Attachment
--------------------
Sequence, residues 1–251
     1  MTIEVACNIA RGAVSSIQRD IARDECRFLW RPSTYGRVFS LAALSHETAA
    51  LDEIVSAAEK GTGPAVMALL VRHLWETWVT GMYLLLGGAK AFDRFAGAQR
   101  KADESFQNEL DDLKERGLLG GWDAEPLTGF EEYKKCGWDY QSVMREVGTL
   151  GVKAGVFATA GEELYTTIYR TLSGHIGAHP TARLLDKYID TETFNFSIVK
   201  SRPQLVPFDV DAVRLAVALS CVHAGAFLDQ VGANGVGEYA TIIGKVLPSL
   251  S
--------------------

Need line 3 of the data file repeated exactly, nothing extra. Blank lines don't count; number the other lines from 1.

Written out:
    51  LDEIVSAAEK GTGPAVMALL VRHLWETWVT GMYLLLGGAK AFDRFAGAQR